Cyprus and Bulgaria to further deepen their cooperation, Ambassador tells CNA, in view of Radev’s official visit

President of the Republic of Bulgaria Rumen Radev, whose country will assume the EU rotating Presidency on January 1st, 2018, will pay an official visit to Cyprus on November 27 and 28. During his visit he will hold talks with Cyprus President Nicos Anastasiades, and as the Ambassador of Bulgaria in Cyprus, Hristo Georgiev, has told CNA, bilateral agreements are expected to be signed in the areas of merchant shipping, education, culture and science, “that will significantly contribute to the further expansion and deepening of our bilateral cooperation.”

During his official visit, Radev will, among others, also meet with Archbishop of Cyprus Chrysostomos, House President Demetris Syllouris, and Constantinos Christofides, Rector of the University of Cyprus, where he will give a lecture on “The Digital Future of Europe”.

Georgiev told CNA that the forthcoming official visit of the President of Bulgaria to Cyprus, following an invitation from the President of the Republic of Cyprus, Nicos Anastasiades,” will be yet another expression of the closeness, mutual trust and excellent relations, tying both our countries and their peoples.”

He noted that “these relations have a solid base, the deeply-rooted historical and cultural ties between its two people as well as the integration of both Bulgaria and Cyprus within the broader family of the European Union”.

“Certainly, I expect a lot of topics to be discussed within the talks: economic cooperation, which should be expanded after the positive evidence of economic growth in both Bulgaria and Cyprus; cultural, educational and human contacts; the bilateral interaction on European and international level, the key role of Bulgaria and Cyprus as regional factors of stability,” he noted.

Georgiev said that “we highly appreciate Cyprus active policy in the Eastern Mediterranean,” and that “on its side, Bulgaria plays an important role in the South-Eastern European region. During the Bulgarian Presidency, we will pay special attention to the European perspectives of the Western Balkan countries,” he added.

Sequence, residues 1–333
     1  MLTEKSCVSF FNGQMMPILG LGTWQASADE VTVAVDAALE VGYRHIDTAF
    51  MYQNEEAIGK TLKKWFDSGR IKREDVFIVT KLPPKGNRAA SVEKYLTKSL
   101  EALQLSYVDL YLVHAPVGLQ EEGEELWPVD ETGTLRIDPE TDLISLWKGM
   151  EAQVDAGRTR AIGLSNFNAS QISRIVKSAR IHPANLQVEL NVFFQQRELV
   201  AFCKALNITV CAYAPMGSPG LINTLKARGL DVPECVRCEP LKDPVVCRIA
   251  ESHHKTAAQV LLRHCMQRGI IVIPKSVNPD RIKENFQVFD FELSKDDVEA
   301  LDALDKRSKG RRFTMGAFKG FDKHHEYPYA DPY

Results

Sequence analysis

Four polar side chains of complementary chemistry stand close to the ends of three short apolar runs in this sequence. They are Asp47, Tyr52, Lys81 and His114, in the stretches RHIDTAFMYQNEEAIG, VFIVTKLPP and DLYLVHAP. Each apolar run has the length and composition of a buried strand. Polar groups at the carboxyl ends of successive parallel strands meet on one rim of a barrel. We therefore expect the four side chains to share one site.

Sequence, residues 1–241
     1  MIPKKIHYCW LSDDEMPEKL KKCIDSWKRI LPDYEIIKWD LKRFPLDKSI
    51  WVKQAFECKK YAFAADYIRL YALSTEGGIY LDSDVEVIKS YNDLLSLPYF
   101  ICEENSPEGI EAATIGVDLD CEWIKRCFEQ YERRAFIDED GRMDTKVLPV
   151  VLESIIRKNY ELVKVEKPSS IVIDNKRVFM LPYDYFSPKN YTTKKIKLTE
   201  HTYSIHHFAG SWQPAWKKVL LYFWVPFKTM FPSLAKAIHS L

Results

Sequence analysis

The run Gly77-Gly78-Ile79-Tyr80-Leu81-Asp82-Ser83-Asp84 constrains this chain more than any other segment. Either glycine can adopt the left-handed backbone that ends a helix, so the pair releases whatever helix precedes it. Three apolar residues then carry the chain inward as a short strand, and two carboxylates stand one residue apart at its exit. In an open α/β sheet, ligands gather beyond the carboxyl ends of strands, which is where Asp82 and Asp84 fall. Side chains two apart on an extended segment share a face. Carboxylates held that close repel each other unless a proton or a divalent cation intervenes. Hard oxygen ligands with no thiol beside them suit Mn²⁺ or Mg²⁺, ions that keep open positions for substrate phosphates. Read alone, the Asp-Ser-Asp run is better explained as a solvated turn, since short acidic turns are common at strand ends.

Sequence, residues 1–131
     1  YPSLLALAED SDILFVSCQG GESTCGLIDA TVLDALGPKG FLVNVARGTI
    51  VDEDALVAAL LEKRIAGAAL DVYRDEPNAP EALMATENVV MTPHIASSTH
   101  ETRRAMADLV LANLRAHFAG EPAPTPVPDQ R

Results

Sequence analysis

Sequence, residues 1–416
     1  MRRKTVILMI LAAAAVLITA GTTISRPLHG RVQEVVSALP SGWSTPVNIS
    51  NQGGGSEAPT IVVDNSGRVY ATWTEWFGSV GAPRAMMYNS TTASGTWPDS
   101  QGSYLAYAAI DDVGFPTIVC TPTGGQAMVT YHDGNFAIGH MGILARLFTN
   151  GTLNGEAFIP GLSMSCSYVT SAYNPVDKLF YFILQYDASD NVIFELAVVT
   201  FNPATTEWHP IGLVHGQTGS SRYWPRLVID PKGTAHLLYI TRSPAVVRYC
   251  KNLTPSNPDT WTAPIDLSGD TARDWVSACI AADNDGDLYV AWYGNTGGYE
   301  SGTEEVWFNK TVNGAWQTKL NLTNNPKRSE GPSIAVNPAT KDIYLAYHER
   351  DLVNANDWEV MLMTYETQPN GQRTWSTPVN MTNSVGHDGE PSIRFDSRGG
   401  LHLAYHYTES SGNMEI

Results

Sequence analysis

He also noted that “undoubtedly, President Anastasiades will inform his Bulgarian counterpart on the latest developments of the Cyprus reunification talks,” underlining that “the Bulgarian position on the Cyprus question is principled, stable and consistent. The settlement should be within the UN framework, in accordance with relevant UN Security Council resolutions and in line with the principles and values on which the European Union is founded.”

Georgiev said he was strongly convinced “that the results from this visit, including the expected signing of the agreements in the areas of merchant shipping, education, culture and science, will significantly contribute to the further expansion and deepening of our bilateral cooperation.”

“Amongst other things, this is also one of the main goals of our Embassy – the expansion of the direct sectoral interaction and the specific, practical results from it,” he noted, recalling that “last years official visit of President Anastasiades to Bulgaria resulted in the signing of four agreements, the implementation of which is in progress.”

Noting that “for Bulgaria, the main forthcoming event is the Presidency of the Council of Europe,” the Ambassador said that “we are thoughtfully preparing and we are also well aware of our high responsibility. We know that we will keep many files, some – inheritance from previous Presidencies, others – completely new and full of various challenges,” he added.

“We have already set the priorities of the Presidency. They are in line with the European policies pursued so far and with the aspirations of Europes citizens for well-being, security and prosperity. Bulgaria will strive to be a good leader for the first six months of 2018, a good coordinator and mediator in resolving various arising issues and setting up topical issues,” Georgiev said.

He also thanked Cyprus “for sharing with us their experience from 2012, when Cyprus successfully held its European Presidency.”

Cyprus has been divided since 1974, when Turkish troops invaded and occupied 37% of its territory. Efforts under the UN auspices to solve the problem have not yielded any results yet.

Source: Cyprus News Agency